Graphs depicting water mass transformation.
Comparison of water mass transformation rate (left panel) and vertical diffusive length scale (right panel) calculated from diapycnal mixing estimates obtained from observations (Argo, CTD/microstructure), internal tidal flows, and bulk estimates from an inverse model integrated over the Atlantic Ocean (48°N to 32°S). Shading indicates the density range that separated the north and south flows of the Atlantic Meridional Overturning Circulation. Credit: Figure 4 from Cimoli et al. [2023]
Editors’ Highlights are summaries of recent papers by AGU’s journal editors.
Source: AGU Advances

The mixing of fluid across density surfaces, diapycnal mixing, is critical to shaping the distribution of heat and tracers in the ocean. Cimoli et al. (2023) analyze observation-based estimates of turbulence to develop quantitative assessments of the contribution of diapycnal mixing to the Atlantic Meridional Overturing Circulation and its significance in moderating water mass transformations and tracer distributions. These estimates show that diapycnal mixing contributes to the AMOC, but its largest contribution is to Atlantic Ocean tracer budgets. These results have implications for the representation of mixing in ocean circulation and climate models.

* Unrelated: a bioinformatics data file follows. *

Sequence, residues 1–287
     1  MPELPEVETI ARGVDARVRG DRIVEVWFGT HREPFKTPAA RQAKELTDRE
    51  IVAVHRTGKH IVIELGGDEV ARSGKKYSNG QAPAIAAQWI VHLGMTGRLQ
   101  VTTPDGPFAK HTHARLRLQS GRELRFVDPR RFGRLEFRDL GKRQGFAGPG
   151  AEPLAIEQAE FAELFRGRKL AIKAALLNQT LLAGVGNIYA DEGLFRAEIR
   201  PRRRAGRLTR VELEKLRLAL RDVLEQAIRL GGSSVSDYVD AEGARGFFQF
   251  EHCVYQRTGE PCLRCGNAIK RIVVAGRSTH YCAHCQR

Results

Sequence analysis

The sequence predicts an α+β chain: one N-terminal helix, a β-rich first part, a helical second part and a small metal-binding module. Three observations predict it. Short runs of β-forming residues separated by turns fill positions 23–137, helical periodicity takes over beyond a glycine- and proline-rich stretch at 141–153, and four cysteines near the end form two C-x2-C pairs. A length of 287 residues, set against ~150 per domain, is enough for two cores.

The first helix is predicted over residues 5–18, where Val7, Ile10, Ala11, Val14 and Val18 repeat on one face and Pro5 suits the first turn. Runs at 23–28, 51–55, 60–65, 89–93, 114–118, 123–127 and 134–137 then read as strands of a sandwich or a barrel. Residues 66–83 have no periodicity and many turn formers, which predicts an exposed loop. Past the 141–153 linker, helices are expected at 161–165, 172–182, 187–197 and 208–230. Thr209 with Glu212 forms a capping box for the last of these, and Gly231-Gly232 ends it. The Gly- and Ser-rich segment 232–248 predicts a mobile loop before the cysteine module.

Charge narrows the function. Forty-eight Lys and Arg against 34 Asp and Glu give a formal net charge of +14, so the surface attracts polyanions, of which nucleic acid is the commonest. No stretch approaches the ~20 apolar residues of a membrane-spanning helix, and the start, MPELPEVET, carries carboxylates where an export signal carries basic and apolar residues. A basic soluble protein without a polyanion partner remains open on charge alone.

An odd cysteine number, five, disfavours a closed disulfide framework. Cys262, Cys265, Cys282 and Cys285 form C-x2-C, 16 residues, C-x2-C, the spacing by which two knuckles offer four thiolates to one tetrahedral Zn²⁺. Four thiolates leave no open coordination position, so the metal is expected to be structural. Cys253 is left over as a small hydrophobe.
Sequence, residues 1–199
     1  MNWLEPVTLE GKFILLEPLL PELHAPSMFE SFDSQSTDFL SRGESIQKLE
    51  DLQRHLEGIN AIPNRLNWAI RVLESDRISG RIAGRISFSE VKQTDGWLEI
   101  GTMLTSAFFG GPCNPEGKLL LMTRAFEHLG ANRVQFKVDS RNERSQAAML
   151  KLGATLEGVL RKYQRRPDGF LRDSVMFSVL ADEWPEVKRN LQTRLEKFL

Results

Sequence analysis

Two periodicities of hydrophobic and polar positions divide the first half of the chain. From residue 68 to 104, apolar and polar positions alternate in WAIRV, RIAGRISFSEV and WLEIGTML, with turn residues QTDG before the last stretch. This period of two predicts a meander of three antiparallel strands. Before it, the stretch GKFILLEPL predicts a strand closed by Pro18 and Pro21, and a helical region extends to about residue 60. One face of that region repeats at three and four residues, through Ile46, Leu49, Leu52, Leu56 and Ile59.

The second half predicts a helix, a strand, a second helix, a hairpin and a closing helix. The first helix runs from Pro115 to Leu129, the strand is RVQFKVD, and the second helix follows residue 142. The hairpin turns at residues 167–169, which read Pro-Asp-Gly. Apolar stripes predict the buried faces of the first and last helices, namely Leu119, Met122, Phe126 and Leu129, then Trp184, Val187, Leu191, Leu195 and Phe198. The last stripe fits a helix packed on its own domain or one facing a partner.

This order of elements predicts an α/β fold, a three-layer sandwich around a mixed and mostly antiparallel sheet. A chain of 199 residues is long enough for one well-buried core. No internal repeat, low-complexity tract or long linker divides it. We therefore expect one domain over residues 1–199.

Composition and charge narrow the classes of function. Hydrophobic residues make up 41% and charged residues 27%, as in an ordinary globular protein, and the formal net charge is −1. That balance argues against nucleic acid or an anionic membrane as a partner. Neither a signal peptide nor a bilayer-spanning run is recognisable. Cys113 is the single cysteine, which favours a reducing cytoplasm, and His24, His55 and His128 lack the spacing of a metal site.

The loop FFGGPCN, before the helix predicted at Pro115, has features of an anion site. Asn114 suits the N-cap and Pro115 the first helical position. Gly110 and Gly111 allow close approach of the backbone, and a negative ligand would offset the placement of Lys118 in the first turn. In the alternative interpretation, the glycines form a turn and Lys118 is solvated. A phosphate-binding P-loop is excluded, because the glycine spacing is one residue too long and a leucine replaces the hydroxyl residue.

Citation: Cimoli, L., Mashayek, A., Johnson, H. L., Marshall, D. P., Naveira Garabato, A. C., Whalen, C. B., et al. (2023). Significance of diapycnal mixing within the Atlantic meridional overturning circulation. AGU Advances, 4, e2022AV000800.

—Eileen Hofmann, Editor, AGU Advances 

Text © 2023. The authors. CC BY-NC-ND 3.0
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